Disappearing Resources On Institutional Web Sites

I recently received the publisher’s proofs of an accessibility paper which will be published in the new year. The reviewers spotted a number of broken links in the references. Some of them were links to previous papers I had published, and the errors were introduced by the publisher (which I confirmed by checking the details of the paper which I submitted). But for a couple of other references the pages did seem to have disappeared. I contact Stuart Smith, one of the co-authors, and asked him if he knew anything about the references he had supplied which seemed to have disappeared.

Stuart told me that a new e-learning team in his institution has rebuilt the e-learning Web site, resulting, it seems, in the loss of existing resources. Stuart wrote a blog post about this incident entitled “Mummy I lost my MP3!“. Stuart felt that “My MP3 problem shows to me that the argument that the ‘cloud’ is too unstable doesn’t hold water … because institutional systems are open to the same criticisms“. Stuart concluded that “My solution to my MP3 problem will probably lie in the ‘cloud’ I’ll find a suitable archiving host that I like and also keep a backup offline (like I should have done in the first place) and if that host disappears at least I will know about it“.

I’m sure Stuart isn’t alone. How many resources do you think will have disappeared following the establishment of new Web teams or the release of new software?  Maybe institutional repositories will have a role to play, as they try to address the persistent identifier problem by at least decoupling the address of the resource form the technology used to access the resource.  But repositories won’t be used to manage all resources on an institutional Web site, will they?

Since our institutions don’t seem to have yet cracked the problem of management of resources across changes in policies, staff and technologies, is Stuart right, I wonder,  in regarding ‘the cloud’ (e.g. services such as the Internet Archive, perhaps) as the place (or one of the places) to deposit resources for safe-keeping?  Or perhaps the question is whether such services may be more reliable than the institutional Web site. After all, if your own institution misplaces your resources, you can;’t sue them, can you?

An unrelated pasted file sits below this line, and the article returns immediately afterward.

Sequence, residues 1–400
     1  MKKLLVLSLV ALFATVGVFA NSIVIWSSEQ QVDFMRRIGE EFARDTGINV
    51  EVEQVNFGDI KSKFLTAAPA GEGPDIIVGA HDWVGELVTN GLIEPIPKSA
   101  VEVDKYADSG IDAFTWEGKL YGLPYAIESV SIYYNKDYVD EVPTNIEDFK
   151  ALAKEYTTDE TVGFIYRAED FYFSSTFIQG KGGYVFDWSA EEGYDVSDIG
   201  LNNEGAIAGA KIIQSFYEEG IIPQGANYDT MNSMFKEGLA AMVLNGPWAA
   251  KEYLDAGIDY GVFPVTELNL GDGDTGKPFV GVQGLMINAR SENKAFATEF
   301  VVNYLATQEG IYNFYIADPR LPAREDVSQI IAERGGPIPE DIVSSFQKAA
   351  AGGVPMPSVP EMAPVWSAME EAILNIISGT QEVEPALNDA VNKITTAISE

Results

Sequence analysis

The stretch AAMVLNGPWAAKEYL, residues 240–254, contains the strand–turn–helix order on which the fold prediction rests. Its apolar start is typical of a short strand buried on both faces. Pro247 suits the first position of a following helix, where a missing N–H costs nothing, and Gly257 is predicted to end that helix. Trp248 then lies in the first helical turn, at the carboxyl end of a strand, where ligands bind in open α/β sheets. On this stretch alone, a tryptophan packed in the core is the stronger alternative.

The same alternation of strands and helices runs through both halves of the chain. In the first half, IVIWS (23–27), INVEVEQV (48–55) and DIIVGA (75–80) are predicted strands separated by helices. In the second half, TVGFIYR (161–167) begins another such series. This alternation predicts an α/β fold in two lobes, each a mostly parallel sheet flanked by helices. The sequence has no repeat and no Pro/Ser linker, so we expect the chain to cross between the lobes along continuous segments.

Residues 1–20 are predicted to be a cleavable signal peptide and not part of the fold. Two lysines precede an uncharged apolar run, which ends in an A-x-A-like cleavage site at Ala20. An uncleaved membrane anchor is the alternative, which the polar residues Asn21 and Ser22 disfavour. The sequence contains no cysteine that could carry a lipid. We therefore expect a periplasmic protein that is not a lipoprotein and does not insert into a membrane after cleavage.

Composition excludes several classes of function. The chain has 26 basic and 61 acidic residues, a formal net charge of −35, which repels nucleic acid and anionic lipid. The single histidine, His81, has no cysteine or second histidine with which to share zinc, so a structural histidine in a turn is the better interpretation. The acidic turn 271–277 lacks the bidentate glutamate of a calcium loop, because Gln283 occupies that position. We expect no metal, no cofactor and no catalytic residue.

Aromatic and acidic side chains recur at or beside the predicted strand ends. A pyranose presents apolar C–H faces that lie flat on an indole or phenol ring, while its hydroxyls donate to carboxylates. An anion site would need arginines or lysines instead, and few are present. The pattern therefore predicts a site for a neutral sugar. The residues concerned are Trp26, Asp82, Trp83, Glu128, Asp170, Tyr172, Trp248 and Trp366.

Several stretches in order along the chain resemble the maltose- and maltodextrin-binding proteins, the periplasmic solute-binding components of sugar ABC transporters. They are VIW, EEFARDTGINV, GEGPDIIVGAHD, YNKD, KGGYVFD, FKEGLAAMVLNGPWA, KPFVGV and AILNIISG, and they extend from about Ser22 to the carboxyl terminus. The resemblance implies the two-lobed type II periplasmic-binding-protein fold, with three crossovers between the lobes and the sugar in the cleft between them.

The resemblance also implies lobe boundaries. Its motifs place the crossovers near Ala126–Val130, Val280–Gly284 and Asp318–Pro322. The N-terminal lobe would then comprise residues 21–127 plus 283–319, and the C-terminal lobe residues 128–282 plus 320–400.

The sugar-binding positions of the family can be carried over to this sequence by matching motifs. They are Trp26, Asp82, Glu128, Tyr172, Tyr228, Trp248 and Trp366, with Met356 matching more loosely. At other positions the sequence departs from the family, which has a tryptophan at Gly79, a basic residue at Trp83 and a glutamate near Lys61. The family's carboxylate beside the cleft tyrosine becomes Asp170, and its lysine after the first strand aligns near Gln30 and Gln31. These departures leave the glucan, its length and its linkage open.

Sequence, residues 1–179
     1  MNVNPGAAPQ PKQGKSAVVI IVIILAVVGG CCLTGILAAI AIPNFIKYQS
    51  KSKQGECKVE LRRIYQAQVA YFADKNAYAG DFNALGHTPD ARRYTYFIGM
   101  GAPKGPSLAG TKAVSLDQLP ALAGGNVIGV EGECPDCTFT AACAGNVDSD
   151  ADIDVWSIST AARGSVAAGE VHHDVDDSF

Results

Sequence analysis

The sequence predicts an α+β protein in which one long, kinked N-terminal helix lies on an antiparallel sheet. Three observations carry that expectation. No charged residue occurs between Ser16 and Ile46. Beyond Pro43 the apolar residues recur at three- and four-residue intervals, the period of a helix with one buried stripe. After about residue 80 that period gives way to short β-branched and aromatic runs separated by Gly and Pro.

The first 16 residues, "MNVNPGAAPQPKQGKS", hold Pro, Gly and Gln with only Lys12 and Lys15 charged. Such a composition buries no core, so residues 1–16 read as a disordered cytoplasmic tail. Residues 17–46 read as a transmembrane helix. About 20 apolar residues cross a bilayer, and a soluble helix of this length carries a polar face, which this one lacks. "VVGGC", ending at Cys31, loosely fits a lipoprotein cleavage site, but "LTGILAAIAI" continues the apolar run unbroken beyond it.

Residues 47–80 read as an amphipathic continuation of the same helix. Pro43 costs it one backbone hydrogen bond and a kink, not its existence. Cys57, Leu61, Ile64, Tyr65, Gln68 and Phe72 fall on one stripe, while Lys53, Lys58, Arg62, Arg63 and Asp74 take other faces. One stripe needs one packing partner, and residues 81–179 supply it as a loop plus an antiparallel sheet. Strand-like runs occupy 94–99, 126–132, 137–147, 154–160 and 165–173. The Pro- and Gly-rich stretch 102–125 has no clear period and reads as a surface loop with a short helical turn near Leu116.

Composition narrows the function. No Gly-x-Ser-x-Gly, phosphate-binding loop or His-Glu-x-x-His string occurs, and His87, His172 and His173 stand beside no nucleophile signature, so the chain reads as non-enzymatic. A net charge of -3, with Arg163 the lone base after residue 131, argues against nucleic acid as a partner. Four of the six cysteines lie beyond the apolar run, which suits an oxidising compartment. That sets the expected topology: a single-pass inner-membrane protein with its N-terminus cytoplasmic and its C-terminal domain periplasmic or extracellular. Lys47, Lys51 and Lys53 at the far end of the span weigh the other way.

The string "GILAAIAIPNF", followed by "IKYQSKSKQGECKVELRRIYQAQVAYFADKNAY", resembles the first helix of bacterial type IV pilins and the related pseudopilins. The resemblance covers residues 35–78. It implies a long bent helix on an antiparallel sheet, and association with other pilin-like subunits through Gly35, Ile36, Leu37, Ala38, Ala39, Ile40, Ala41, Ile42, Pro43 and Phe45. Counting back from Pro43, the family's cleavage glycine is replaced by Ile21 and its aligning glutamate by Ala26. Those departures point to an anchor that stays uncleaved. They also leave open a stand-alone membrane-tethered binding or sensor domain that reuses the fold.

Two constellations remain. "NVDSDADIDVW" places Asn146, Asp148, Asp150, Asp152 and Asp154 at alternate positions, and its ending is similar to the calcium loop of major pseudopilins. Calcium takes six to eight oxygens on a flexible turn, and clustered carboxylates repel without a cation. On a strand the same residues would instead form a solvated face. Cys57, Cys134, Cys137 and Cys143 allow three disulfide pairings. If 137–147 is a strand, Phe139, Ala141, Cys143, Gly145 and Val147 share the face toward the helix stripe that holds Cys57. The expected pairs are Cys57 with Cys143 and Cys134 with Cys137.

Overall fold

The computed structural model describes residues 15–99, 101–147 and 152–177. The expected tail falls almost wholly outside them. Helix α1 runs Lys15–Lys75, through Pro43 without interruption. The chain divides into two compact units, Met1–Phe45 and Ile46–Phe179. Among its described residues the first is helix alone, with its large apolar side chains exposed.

1 Comment

  1. Hi Brian. Modern historcal record has often been made possible because in the past many private individuals established their own libraries and collections. Over time for various reasons many of these were donated to public or educational bodies. In some ways the Web is in a not dissimilar position. We haven’t really worked out yet how to ‘keep’ important digital artifacts and its something that needs to be addressed. In the meantime I think we need to become a little like the private collectors of yesteryear and recognise that for now we need to take responsibility for our production. So at least when the elegant solution(s) emerges there will be something to store.

    With regards to institutional responsibility, I would ask the question if academic reputations (and consequently institutional ones as well) exist by virtue of publications and those publications are becoming increasingly digital then is there a duty of care of the institution towards the academic to ensure the preservation of work published within their own systems? I don’t know but would be interested to hear more views.



  1. JISC-PoWR » Blog Archive » “Why you never should leave it to the University” - [...] lament that “Mummy I lost my MP3!“, which I summarised in a post on “Disappearing Resources On Institutional Web Sites” …
  2. JISC PoWR » Blog Archive » “Why you never should leave it to the University” - [...] lament that “Mummy I lost my MP3!“, which I summarised in a post on “Disappearing Resources On Institutional Web Sites” …

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